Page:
My model is expensive ($900) and needs a pile of accessories. But with this camera I can keep shooting away at a subject until I have it right. And it’s a real plus to be able to share slides with other travelers on the road, making storytelling much more vivid.

Digital cameras ($300-$1,000) allow you to edit your pictures and send them by email. Models come with conventional camera features—zoom lens, flash, and auto and manual focus—as well as a handy Liquid Crystal Display to use as a viewfinder or to review photos just taken.

With a digital camera, you’ll need to accessorize: rechargeable AA batteries with a recharger that works in Europe; an adapter for reviewing slides in the hotel room without draining your batteries; and a mega memory card (128 megabytes, $320, good for 180 high-resolution photos). While my camera blew through regular AA batteries in about an hour of use, the rechargeable nickel-metal hybrid batteries powered my recent 12-day trip on two charges.

Other than the high price and load of extra equipment, the main drawback to going digital is the trouble with finding a place to download your photos. Relatively few European cybercafes have the technology that allows you to download, email, or post pictures to your personal web site. Your best bet is to take along several memory cards; they’re more expensive in Europe.

My digital camera worked great on my last trip, but I also rely on my trusty point-and-shoot. Before purchasing a camera for your travels, talk with salespeople in your local camera shops. Ask friends and neighbors what they use when they vacation. Here’s a short sampler of more camera types to choose from.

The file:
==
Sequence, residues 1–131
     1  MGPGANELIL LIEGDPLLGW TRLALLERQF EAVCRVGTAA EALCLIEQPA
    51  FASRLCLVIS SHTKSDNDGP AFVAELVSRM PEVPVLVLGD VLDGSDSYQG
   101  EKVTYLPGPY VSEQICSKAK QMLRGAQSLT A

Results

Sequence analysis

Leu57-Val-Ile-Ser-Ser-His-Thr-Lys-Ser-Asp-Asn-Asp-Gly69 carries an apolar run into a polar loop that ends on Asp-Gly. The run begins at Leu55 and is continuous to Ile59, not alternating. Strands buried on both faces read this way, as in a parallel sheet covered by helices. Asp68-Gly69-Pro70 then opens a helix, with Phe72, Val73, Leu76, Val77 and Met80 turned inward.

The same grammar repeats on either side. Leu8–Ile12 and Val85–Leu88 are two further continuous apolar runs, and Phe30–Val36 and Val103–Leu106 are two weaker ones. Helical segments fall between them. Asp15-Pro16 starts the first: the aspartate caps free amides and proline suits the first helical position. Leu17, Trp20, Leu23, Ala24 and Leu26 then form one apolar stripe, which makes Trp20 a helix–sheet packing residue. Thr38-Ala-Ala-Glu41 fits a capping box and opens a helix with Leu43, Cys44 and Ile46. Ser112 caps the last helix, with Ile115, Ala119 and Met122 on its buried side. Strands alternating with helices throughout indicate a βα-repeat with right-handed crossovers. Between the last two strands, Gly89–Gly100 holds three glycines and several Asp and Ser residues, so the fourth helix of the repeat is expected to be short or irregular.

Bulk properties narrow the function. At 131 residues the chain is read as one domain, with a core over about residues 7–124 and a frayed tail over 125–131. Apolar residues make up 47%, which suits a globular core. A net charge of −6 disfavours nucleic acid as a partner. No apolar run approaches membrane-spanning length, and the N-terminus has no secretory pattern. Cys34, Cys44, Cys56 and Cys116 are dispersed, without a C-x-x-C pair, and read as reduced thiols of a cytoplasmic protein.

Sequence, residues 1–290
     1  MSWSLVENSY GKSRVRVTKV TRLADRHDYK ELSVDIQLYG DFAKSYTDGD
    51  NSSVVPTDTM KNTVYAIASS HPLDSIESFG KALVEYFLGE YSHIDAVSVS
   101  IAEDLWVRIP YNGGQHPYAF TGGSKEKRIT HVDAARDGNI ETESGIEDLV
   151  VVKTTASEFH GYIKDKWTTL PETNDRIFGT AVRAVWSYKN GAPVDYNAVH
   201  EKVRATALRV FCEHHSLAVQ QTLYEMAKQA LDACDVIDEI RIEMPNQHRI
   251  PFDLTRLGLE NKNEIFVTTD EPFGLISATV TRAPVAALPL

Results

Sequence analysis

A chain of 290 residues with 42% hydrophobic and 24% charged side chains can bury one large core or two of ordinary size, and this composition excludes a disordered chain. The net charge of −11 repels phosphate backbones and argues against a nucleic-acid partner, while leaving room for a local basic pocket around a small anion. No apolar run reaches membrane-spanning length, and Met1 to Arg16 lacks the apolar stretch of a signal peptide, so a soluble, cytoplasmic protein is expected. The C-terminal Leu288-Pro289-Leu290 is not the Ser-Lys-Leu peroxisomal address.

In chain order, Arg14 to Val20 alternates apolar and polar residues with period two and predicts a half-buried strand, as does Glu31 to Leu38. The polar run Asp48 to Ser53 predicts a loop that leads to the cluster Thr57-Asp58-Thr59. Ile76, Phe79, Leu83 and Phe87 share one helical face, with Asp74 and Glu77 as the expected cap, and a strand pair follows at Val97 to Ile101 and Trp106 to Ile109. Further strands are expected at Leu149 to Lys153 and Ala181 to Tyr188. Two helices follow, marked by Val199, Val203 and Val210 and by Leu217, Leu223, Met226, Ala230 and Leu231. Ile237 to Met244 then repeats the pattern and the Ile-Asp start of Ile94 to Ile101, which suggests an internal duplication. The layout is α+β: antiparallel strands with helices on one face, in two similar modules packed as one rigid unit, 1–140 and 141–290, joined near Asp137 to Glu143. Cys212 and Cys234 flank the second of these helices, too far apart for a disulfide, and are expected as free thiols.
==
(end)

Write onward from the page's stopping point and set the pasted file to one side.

Single lens reflex (SLR): Travelers shooting slides should stick with a good SLR ($200-$1,000). These offer both manual and auto-focus features.

Regardless of advertising claims, there’s no real difference between the mind of Minolta and the minds of Pentax, Nikon, and Canon.

Point-and-shoot: Compact little “focus-free” cameras ($25-$50) allow minimal creative control but are almost foolproof in getting a decent picture. More expensive point-and-shoot cameras ($50-$350) are also auto-focus but have a wide-angle 38 mm lens. Models over $100 come with a few helpful bells and whistles and small adjustable zoom lenses of 38 to 70 mm. The best units have a zoom lens from about 28 to 105 mm.

Disposables: The simple choice for an amateur photographer (or one lacking an environmental conscience) is a disposable or “single-use” camera ($7-$15). The panorama version, with a wide-angle lens for 180-degree shots, can be a fun supplement.

Remember, no matter which camera you buy, good shots are made by the photographer, not the camera.